Friday, March 06, 2015

The Fortunes of Africa

Martin Meredith, author of "The Fortunes of Africa: A 5,000-Year History of Wealth, Greed and Endeavour", discusses why Africa remains the world's poorest despite fabulous natural wealth and the idea of  a "resource curse" - the distressing tendency of developing countries to fail to translate their minerals and hydrocarbons into wider prosperity - is a very modern one.

Q: Africa's natural riches have long been coveted and exploited by outsiders. Can the continent take control of its own destiny in this regard and extract its minerals and hydrocarbons in such a way that the wealth can be spread?

A: In theory it could be. Unfortunately, the pattern that most African governments have adopted is to use the resources mainly to benefit elite groups or reward supporters. It's sometimes called a resource curse, but the resources are a huge benefit. It's the management of the wealth that comes from those resources where the problem lies.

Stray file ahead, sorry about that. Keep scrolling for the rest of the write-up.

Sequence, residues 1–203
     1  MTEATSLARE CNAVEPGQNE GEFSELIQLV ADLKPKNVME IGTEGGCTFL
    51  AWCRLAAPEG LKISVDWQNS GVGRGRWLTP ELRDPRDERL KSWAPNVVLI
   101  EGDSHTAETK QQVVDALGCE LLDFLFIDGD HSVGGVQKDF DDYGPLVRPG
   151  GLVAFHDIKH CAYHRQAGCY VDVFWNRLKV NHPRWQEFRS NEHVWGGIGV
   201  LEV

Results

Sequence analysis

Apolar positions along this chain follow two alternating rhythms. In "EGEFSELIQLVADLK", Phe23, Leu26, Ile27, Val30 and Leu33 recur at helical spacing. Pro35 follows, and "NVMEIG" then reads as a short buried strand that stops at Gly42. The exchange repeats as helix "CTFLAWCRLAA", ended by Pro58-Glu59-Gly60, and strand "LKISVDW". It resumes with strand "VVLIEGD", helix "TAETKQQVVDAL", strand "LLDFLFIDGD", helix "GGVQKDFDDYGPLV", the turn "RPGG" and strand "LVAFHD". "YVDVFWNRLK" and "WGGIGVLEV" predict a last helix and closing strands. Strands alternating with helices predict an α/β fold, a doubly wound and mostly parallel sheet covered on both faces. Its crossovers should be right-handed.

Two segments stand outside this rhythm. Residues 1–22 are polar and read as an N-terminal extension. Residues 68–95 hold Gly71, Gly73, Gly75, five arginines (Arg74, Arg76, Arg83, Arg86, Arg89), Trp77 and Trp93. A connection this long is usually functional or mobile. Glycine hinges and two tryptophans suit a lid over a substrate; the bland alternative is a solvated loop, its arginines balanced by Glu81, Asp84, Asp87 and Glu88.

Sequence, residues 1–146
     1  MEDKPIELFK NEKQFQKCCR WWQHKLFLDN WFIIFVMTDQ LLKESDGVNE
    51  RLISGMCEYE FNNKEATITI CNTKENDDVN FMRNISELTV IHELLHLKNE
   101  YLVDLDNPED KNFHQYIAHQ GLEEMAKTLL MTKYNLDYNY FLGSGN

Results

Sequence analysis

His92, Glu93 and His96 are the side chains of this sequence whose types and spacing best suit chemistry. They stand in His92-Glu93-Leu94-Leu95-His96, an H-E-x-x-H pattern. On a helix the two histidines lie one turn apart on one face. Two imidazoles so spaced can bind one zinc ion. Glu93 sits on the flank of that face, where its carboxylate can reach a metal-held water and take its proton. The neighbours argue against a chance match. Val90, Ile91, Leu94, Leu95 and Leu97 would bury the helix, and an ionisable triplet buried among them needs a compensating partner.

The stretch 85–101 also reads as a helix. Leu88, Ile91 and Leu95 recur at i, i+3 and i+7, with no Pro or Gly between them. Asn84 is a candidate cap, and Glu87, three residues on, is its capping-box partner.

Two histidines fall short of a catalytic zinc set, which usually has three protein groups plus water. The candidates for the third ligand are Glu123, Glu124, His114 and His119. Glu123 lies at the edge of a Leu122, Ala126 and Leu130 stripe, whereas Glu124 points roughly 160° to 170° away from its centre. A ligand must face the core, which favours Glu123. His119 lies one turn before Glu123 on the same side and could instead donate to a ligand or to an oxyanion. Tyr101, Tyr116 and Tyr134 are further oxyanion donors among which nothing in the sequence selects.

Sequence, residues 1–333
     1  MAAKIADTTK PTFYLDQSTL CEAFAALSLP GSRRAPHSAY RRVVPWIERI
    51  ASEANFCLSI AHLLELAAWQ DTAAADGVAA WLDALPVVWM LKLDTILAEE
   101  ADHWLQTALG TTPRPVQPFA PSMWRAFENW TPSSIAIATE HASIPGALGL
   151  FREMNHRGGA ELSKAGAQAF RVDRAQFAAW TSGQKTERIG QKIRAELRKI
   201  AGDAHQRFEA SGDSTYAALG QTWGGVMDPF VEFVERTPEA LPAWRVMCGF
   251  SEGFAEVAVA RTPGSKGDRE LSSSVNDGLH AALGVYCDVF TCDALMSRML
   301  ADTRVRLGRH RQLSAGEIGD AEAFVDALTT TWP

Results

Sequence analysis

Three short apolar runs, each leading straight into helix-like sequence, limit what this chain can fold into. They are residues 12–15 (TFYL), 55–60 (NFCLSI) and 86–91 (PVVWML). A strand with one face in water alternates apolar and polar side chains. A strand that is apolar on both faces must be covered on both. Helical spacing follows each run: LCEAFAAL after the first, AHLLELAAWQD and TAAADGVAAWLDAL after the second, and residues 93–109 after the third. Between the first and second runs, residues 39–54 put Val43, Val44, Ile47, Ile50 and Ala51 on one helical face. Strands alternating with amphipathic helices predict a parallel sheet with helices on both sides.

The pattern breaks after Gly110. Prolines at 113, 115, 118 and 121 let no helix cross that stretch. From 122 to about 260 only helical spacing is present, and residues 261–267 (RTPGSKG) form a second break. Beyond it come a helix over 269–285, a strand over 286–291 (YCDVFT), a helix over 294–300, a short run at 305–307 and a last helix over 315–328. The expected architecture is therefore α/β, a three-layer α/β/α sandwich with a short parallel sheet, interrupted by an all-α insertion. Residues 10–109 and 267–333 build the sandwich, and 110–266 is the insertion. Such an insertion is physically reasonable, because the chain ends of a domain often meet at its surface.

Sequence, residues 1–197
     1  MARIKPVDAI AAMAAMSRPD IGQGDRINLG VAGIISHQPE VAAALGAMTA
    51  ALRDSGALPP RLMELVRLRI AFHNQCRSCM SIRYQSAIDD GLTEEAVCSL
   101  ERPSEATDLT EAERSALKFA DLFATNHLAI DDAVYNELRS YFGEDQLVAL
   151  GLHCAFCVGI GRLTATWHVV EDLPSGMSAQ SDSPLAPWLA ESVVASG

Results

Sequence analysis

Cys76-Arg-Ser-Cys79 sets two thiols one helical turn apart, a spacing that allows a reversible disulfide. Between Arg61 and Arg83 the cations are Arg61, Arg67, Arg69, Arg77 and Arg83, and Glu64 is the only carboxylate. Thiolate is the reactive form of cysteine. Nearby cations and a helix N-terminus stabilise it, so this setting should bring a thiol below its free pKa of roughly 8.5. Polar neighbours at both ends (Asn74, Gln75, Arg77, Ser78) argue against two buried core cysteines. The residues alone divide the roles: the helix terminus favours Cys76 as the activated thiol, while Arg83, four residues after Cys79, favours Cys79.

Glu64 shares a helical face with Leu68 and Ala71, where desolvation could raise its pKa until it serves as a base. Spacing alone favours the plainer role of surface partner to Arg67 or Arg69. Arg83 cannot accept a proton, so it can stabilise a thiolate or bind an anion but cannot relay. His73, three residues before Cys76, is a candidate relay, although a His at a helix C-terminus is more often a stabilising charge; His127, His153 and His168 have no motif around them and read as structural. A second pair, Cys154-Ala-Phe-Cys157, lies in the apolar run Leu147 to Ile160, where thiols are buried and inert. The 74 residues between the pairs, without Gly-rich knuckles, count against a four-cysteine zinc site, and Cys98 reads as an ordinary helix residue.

Q: What is your take on the "African Rising" narrative that is currently fashionable?

A: I find it a rather foolhardy notion. It's quite true that in the first decade of the 21st century the growth rate in Africa after some 40 years of economic mayhem, the growth rate has been quite impressive. The general average over that period would have been about 5 percent, which is impressive. But much of that had to do with rising commodity prices. And if you take out the rise in commodity prices you are left with a much less impressive economic record.

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